The Big Water Projects in California

California has two gigantic water development systems which capture and store water with many dams and use rivers and canals to redistribute it, generally from Northern California sources (or "areas of origins") to the San Joaquin Valley agricultural users and southern California cities—same as today. They are:

Collapse of Delta fish populations in the San Francisco Bay-Delta estuary has accompanied operation of these enormous water systems. Their export of water is premised on magical thinking by state water industry officials and regulators.

These water projects have low priority water rights, which were acquired starting only in the 1920s and 1930s. Their rights are considered "junior" to more "senior" rights held by many irrigation and water districts in the Central Valley as well as rights held by the City and County of San Francisco, Pacific Gas & Electric Company, Southern California Edison Corporation, and East Bay Municipal Utilities District (which supplies Mokelumne River water to Alameda and Contra Costa counties).



The Central Valley Project


Originally conceived by state engineers, the US Bureau of Reclamation took over construction of the Central Valley Project. The Bureau claims this profile of the project:

  • Reaches from the Cascade Mountains near Redding in the north some 500 miles to the Tehachapi Mountains near Bakersfield in the south.
  • Is comprised of 20 dams and reservoirs, 11 powerplants, and 500 miles of major canal as well as conduits, tunnels, and related facilities. 
  • Annually delivers about 7 million acre-feet for agriculture, urban, and wildlife use.  
  • Provides about 5 million acre-feet for farms -- enough to irrigate about 3 million acres or approximately one-third of the agricultural land in California. 
  • Furnishes about 600,000 acre-feet for municipal and industrial use, enough to supply close to 1 million households with their water needs each year. 
  • Dedicates 800,000 acre-feet per year to fish and wildlife and their habitat and 410,00 acre-feet to State and Federal wildlife refuges and wetlands pursuant to the Central Valley Project Improvement Act (CVPIA).  
  • During an average water year, generates about 4.8 billion kilowatt hours of electricity to meet the needs of some 2 million people.

Water Rights Primer

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The State Water Project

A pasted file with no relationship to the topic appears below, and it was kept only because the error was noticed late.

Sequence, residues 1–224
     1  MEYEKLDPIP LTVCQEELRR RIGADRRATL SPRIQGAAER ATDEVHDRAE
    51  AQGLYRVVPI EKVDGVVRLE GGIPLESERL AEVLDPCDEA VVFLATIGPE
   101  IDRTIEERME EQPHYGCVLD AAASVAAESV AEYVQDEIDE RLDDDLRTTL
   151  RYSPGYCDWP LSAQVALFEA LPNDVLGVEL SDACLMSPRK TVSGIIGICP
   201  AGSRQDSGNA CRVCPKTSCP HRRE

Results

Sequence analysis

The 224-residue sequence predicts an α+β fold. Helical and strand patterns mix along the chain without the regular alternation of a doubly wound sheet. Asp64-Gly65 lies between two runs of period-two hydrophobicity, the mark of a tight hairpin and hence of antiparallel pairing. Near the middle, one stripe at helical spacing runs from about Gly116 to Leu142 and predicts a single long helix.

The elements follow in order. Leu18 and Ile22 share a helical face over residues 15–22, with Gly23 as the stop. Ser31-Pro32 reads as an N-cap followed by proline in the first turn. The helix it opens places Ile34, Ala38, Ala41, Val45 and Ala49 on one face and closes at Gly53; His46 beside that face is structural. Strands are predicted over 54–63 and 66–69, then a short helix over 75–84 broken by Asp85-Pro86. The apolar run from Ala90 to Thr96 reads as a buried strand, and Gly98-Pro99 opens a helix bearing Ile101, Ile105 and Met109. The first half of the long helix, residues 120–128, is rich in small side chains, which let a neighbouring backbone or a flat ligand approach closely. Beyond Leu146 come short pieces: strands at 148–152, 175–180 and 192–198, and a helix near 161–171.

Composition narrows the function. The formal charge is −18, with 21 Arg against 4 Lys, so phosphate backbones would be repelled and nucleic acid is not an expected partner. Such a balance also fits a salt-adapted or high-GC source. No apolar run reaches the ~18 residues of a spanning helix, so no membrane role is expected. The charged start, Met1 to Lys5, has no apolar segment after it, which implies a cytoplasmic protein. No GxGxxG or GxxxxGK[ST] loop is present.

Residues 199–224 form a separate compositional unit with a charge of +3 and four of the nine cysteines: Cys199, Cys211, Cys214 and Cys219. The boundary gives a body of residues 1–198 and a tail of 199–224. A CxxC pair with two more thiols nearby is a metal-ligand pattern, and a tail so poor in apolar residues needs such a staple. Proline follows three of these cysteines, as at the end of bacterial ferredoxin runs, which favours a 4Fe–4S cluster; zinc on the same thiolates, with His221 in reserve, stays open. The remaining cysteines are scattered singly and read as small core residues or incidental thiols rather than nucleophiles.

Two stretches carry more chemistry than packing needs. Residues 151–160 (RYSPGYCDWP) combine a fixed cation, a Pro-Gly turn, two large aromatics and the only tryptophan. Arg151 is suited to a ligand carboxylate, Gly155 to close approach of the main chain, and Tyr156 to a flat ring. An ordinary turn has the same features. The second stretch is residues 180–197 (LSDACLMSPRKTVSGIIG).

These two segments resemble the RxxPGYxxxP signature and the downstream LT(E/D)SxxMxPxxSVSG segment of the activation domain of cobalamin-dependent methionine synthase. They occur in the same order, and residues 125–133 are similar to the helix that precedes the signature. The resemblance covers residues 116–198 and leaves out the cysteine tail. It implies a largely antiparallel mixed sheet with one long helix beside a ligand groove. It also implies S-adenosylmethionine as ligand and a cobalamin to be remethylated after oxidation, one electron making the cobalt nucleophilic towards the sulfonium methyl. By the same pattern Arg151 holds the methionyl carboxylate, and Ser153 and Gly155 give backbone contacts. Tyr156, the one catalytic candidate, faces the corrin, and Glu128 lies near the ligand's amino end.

The California State Water Project was approved by the legislature in 1959 and bonds for its construction narrowly approved by California voters in November 1960 (Proposition 1). The California Department of Water Resources claims this profile for the State Water Project:

Project Facts and Figures
Number of storage Facilities 33
Lakes/Reservoirs (primary) 21
Total Reservoir Storage 5.8 million acre-feet = 7.2 cubic kilometers
Largest Reservoir Capacity 3.5 million acre-feet = 4.3 cubic kilometers
Largest Reservoir Surface Area 15,810 acres
Longest Reservoir Shoreline 167 miles
Highest Dam Structure 770 feet = 235 meters
Largest Dam Structure 80 million cubic yards = 61 million cubic meters
Longest Dam Crest 42,000 feet = 12,802 meters
Highest Dam Crest Elevation 5,785 feet - 1,763 meters
Length of Canals and Pipelines 701 miles = 1,128.15 kilometers


California Aqueduct
Starting Maximum Pumping/Canal Volumes 10,670 cfs /10,300 CFS
Largest Pumping Capacity 15,450 cfs
Largest Canal Capacity 13,100 cfs
Widest Part of Canal 110 feet
Deepest Part of Canal 32.8 feet
Highest Pump Lift/Volume 1,926 feet = 587 meters/4,480 CF

The Department of Water Resources still claims the overall "Table A amounts" of the State Water Project contractors total 4.23 million acre-feet per year. The project has never in its history delivered that much water, and has delivered no more than about 3.7 million acre-feet in its peak years of 2005 and 2006. During recent drier years, the State Water Project delivered about 2.98 million acre-feet in 2007 and 1.96 million acre-feet in 2008, the most recent years for which data were available.

For more detailed information about the State Water Project see the Department's bond prospectus from 2009 about the Project's operations and financial performance.

Controversy over the project's capacity during droughts led to adoption of the secretly negotiated "Monterey Agreement" in 1994 and project contract amendments in 1995.

Water Rights Primer